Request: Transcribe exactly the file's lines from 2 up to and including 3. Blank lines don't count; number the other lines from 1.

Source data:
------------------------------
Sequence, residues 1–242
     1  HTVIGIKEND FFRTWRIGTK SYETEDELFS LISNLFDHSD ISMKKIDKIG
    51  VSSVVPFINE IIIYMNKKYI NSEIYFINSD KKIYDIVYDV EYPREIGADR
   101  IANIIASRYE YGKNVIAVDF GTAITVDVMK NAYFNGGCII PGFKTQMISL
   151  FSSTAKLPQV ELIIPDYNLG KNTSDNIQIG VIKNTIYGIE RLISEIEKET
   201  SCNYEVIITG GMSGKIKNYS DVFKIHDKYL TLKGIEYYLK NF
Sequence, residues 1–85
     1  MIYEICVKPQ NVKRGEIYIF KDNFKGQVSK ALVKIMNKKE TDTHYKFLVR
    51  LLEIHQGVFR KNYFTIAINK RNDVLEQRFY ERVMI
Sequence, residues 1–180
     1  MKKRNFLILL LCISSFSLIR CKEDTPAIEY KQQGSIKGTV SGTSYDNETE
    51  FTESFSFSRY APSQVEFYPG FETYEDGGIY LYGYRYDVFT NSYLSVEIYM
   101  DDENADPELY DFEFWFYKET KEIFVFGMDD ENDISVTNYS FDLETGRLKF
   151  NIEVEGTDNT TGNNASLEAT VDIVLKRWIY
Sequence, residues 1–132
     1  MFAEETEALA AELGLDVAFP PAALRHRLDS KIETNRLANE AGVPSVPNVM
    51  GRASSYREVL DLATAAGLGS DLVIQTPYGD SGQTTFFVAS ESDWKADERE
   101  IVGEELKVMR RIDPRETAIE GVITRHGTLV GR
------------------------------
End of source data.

     1  HTVIGIKEND FFRTWRIGTK SYETEDELFS LISNLFDHSD ISMKKIDKIG
    51  VSSVVPFINE IIIYMNKKYI NSEIYFINSD KKIYDIVYDV EYPREIGADR